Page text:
Around 10,000 people have been diagnosed with cancer linked to 9/11, to date. Data suggests that many more will be killed by toxic exposure than by the original act of terrorism
On September 11, 2001, Al Qaeda hijackers took control of four commercial airliners and launched a series of coordinated attacks. As two of the commandeered planes hurtled into the World Trade Centre that morning, they devastated the urban landscape of Manhattan and killed 2,996 people, including 400 emergency responders.
Fires smouldered among the remains of the Twin Towers for 99 days after the attack. It took eight months and 19 days for responders and volunteers to clear away the wreckage of rubble, gnarled concrete and twisted girders. Architects and developers began to design a new centre of commerce in 2004 and One World Trade Centre was completed a decade later, taking its place alongside the other new skyscrapers that decorate the Manhattan skyline. The architectural scars of the attack are now almost erased and this urban space has been reinvented.
But recent studies have shown that there are long-term physical and mental health challenges arising for the people who survived 9/11. Acts of terrorism and irregular warfare can have unforeseen long-term public health consequences.
The collapse of the Twin Towers released plumes of toxic substances into the air. Inhalable contaminants included powdered cement, pulverised glass, asbestos, jet fuel, silica and splinters of metal. This dust and chemical “peasouper” lingered across Lower Manhattan, corralled and canyoned by the surrounding high-rise architecture. The fire released carcinogens across the city. While emergency responders and local people worked together to recover from the attack, they were unknowingly exposing themselves to contaminated dust and debris.
Responders received a greater airborne exposure to contaminants. They are more likely to develop respiratory illnesses and certain cancers, and have an increased all-cause mortality and suicide rate, compared to other exposed groups. Rescue and recovery workers are also at greater risk of depression and post-traumatic stress disorder (PTSD), alongside those who work and live near Ground Zero. This is an ongoing issue, and more people have now died due to pollution from 9/11 than from the attack itself.
It is difficult to ascertain the full scale of future health challenges that could arise. Responders have already been affected by decreased cognitive function, increased risk of strokes, and there is evidence that cancer likelihood and incidence has increased – especially lung, throat, stomach, myeloma, leukemia and lymphoma type cancers.
Standardised incidence ratios for these conditions are already moderately elevated among New York emergency services and humanitarian aid responders who worked on 9/11. Approximately 10,000 people have been diagnosed with cancer linked to 9/11, to date. The statistics suggest that many more will be killed by toxic exposure than by the original act of terrorism. The average age of a 9/11 first responder is now about 55. Many people face a cancer diagnosis as they age, but this community are much more likely to become unwell.
So, what can be done to manage and support the responders and local community who are suffering from the long-term effects of 9/11? A lot can be learned from the historical outcomes for similar communities who have been affected by a toxic environmental exposure.
We know from studies of the atomic veterans who worked on nuclear weapons tests during the Cold War that when communities become aware of a previously unknown risk from exposure, then they are more likely to worry about it. This then creates a burden of mental health for survivors. The greatest challenge for these communities is that of gaining an understanding of the long-term implications of their exposure.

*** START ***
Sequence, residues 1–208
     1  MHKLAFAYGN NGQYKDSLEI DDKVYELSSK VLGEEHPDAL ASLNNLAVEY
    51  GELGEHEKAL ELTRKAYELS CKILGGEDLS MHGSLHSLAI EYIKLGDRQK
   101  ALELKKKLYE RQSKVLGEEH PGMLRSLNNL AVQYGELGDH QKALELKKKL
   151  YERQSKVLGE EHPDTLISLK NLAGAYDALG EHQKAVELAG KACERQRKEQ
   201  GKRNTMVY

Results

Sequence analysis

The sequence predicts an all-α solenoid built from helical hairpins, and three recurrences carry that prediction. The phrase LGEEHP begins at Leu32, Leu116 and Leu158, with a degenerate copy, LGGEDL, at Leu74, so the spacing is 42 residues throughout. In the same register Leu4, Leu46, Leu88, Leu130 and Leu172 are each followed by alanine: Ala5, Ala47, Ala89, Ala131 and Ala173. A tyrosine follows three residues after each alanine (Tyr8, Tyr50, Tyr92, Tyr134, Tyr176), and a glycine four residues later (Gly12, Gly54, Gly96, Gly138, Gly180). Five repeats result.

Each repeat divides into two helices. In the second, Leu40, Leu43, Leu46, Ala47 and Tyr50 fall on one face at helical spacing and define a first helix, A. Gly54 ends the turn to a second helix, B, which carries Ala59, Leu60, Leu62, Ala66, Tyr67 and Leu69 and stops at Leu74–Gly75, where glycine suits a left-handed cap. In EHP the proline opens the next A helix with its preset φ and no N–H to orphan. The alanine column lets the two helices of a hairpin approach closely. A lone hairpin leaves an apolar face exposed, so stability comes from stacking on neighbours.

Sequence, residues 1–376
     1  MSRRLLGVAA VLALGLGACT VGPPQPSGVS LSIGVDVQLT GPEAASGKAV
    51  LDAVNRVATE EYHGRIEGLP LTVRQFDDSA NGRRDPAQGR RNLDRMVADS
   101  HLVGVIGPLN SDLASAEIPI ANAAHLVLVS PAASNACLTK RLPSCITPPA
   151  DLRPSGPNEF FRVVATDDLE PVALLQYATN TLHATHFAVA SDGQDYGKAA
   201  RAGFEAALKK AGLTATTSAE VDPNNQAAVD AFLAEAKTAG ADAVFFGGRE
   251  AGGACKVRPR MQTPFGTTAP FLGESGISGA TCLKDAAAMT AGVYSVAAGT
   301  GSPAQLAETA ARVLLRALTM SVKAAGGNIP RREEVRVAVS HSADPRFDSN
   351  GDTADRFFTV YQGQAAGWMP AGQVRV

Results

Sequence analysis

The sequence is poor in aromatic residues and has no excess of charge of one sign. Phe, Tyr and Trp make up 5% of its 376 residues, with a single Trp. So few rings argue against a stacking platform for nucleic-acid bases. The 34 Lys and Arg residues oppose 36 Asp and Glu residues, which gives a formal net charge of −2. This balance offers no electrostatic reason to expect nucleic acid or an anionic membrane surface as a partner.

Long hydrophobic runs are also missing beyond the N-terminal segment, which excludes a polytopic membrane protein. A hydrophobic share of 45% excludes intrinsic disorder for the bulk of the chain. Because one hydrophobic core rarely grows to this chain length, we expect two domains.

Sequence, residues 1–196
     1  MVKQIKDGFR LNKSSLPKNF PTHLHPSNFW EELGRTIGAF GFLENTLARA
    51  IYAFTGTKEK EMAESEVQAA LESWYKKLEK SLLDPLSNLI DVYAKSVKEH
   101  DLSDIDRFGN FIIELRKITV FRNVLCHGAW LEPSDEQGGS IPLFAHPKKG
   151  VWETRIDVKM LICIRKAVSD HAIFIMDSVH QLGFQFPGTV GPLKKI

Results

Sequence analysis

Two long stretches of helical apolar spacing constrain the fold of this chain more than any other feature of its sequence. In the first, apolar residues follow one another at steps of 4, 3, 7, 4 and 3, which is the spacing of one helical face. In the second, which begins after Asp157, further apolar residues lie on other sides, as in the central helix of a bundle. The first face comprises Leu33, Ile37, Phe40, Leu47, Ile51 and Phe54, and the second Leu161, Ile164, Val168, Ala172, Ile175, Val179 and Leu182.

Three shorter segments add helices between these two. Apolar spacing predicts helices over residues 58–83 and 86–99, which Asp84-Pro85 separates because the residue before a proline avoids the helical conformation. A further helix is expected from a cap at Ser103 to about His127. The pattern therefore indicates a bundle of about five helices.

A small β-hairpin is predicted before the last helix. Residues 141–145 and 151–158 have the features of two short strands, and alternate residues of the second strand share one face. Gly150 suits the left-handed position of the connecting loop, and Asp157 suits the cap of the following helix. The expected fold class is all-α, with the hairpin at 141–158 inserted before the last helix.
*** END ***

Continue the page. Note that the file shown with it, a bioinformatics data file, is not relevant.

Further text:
The long-term outlook for 9/11 survivors is uncertain. Their outcome is compounded by day-to-day exposure to other pollutants, and their lifestyle choice – for instance, drinking or smoking. These other circumstances are known as confounding factors and make it more difficult to discern if illness is occurring due to environmental exposure, or for other reasons. There is also something that is known as the “healthy soldier effect”, where the regular exercise and bodily monitoring of a military lifestyle offers a protective effect, long after military service has ended.
The World Trade Centre Health Program has been set up to provide monitoring and treatment for responders who were at the World Trade Centre and related sites, and survivors who were in the New York City Disaster Area. The US government allocated US$4.2 billion to support this provision, under the “James Zadroga 9/11 Health and Compensation Act of 2010” – named after a NYPD officer who died from toxic exposure. This act was extended in 2015, to provide medical support and benefits to affected people until 2090.
But it does not provide support to those who have since moved, and neglects those who are part of the informal economy. There are also difficulties in proving exposure and effectively being diagnosed as a “deserving” 9/11 survivor, similarly to those who have experienced other toxic exposures.
There is also a globally uneven distribution of support for terrorism survivors. We must remember that when an act of terror occurs in the Global North, it gains extensive media coverage. But the US and Europe make up only 1% of terrorism fatalities. The other 99% of terrorism occurs in places in political conflict across the less developed world such as Iraq, Afghanistan, Nigeria, Syria and Pakistan. Survivors in these places have few opportunities for long-term monitoring and support.
These differences matter a great deal, as they represent the uneven distribution of vulnerability to terrorism. It is now time to extend support to terrorism survivors worldwide.
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